Clearly, Gluck is not a composer who draws a crowd, and it's such a pity. At the end of this operatic season in Paris, the Théâtre des Champs-Élysées was far from sold out for its new production, Iphigénie en Tauride. But why? On paper, this composer's operas have everything to appeal to all kinds of opera fans: the Baroque music lover will find powerfully expressed emotions, cleverly utilised mythology and a nice dea ex machina; the spectator who is not keen on wild romanticism could appreciate instead the continuous dramatic tension, the vocalism that is more touching than showoffish and the power of the orchestral score – which impressed and inspired a certain Hector Berlioz.

<i>Iphigénie en Tauride</i> at the Théâtre des Champs-Élysées © Vincent Pontet
Iphigénie en Tauride at the Théâtre des Champs-Élysées
© Vincent Pontet

There is something in it also for theatre enthusiasts, especially when it comes to the staging by Robert Carsen. After a beautiful Orfeo ed Euridice a year ago, there can't be any doubt: when the Canadian director meets Gluck in Avenue Montaigne, a mysterious chemical reaction ensues. The Carsen ingredients are well known – timeless black costumes, lights at stage level, stripped down sets: they suited Orfeo perfectly and convince even more in Iphigénie. There is no need for context in this work that boils down to a family tragedy full of traumatised characters. The whole plot takes place in a black cube with geometrically-divided faces, on which elusive Furies write in chalk the names of the murdered parents. Here we are inside the head of Iphigénie, the sacrificed daughter of Agamemnon, who owes her life only to the intervention of the goddess Diana. Or in the nightmares of her brother, Oreste, who murdered their mother Clytemnestre to avenge the death of their father. As each memory reemerges, water surges on stage, washing the characters' conscience... or drowning their minds in disturbing dark shadows. When, at last, the heroes manage to confront their inner demons and reveal themselves to each other, the walls of the cube rise, revealing the entrance to an immaculate world. The setting is extremely simple but the effect is dizzying.

Gaëlle Arquez (Iphigénie) © Vincent Pontet
Gaëlle Arquez (Iphigénie)
© Vincent Pontet

The almost bare setting perfectly represents the inner drama that is unraveling thanks to the contribution of the dancers, performing a powerful choreography by Philippe Giraudeau. Bodies stretch out like dead branches in the genealogical tree of the Atreides, they can be ghostly demons attacking Oreste, or can transform into the dark thoughts of the Priestess Iphigénie before the sacrifice: the dancing informs the text and the subtext, wonderfully enhanced by the changing lights. Strikingly, all the storms in the orchestra become psychologically tangible. And the startling choreography of the swords was performed with millimetric precision, which is even more impressive to see on a first night.

As a direct consequence of the importance given to the dance, the choir has been relegated to the pit. That did not disappoint, however – quite the contrary. The balance was never unnatural and the Balthasar Neumann Choir was impressive with its rhythmic sharpness, clarity of diction and general accuracy. The continuous dancing could have also proved to be a distraction for the singers... But Carsen dedicated particular care to the acting direction, that was beautifully put together by the singers, who offered performances of great dramatic accuracy.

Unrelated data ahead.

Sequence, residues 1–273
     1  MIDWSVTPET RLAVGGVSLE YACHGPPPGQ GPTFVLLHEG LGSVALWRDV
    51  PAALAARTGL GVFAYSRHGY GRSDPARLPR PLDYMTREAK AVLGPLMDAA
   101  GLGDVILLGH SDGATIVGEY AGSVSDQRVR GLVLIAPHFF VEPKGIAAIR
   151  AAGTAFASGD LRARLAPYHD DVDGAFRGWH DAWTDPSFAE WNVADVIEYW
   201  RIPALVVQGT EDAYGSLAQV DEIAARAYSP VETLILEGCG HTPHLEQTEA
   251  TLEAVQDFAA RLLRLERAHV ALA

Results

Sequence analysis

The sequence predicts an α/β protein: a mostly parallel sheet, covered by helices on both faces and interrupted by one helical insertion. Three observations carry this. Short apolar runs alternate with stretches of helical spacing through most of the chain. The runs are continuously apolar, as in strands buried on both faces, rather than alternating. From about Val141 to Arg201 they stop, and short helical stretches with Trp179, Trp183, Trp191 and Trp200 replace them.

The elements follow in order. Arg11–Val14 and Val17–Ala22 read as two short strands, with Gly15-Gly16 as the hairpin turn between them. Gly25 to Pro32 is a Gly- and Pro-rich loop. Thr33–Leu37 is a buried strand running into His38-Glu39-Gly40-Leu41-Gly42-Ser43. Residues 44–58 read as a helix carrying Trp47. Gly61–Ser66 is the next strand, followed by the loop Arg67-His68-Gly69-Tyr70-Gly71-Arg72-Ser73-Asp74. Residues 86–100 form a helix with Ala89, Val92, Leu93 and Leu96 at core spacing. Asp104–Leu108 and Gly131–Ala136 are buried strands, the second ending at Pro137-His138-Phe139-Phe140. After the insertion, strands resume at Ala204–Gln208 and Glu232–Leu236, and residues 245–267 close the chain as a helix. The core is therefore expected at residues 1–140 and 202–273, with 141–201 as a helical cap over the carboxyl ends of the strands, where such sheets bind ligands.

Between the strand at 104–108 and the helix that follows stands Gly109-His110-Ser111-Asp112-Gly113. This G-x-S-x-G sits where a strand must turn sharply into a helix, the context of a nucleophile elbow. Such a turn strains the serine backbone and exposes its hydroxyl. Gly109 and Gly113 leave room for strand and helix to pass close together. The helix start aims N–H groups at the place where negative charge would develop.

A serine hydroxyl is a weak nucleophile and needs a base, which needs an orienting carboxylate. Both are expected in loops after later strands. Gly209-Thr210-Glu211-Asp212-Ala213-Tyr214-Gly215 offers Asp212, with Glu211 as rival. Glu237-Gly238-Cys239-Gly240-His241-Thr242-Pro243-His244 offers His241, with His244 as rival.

Stéphane Degout (Oreste) © Vincent Pontet
Stéphane Degout (Oreste)
© Vincent Pontet

And on this topic, the two main characters are particularly deserving of praise. Especially since, vocally, their exposition was breathtaking: Stéphane Degout (Oreste) and Gaëlle Arquez (Iphigénie) have voices that naturally complement each other, carried with natural power, sensitivity of phrasing and impressive breath control. Adding to this a pronunciation that was always clear and expressive, Degout distinguished himself in his Act 2 aria (“Le calme rentre dans mon cœur”). Arquez sang the wide intervals flexibly and made her passionate tone shine, embellished by a quivering vibrato (“Ô malheureuse Iphigénie”).

With such interpreters, it is hard for the supporting roles not to be overshadowed. Paolo Fanale made a fair counterpart for Oreste in the role of Pylade, but his intense tenor failed to hide an often approximate French. As for Alexandre Duhamel, he presented a Thoas full of character, but while trying to be as intense as the other characters, pushed his disjointed tone too far. Worthy of note, however, was the beautiful final piece by Catherine Trottmann (Diane), in top form and beaming from the first balcony.

<i>Iphigénie en Tauride</i> at the Théâtre des Champs-Élysées © Vincent Pontet
Iphigénie en Tauride at the Théâtre des Champs-Élysées
© Vincent Pontet

Finally, we must applaud the work of Thomas Hengelbrock at the helm of his Balthasar Neumann Ensemble, an orchestra that play on period instruments, boasting a foundation of solid strings and particularly accurate woodwinds (the solo flute was dazzling). The Maestro led this rarely performed score with constantly renewed inspiration, choosing sharp contrasts and taking the risk of living the silences until their very end. When the intensity of the silence met the darkness of the setting, the whole Théâtre des Champs-Élysées shivered. Now we just need to fill the seats.


This review was translated from French by Laura Volpi.

*****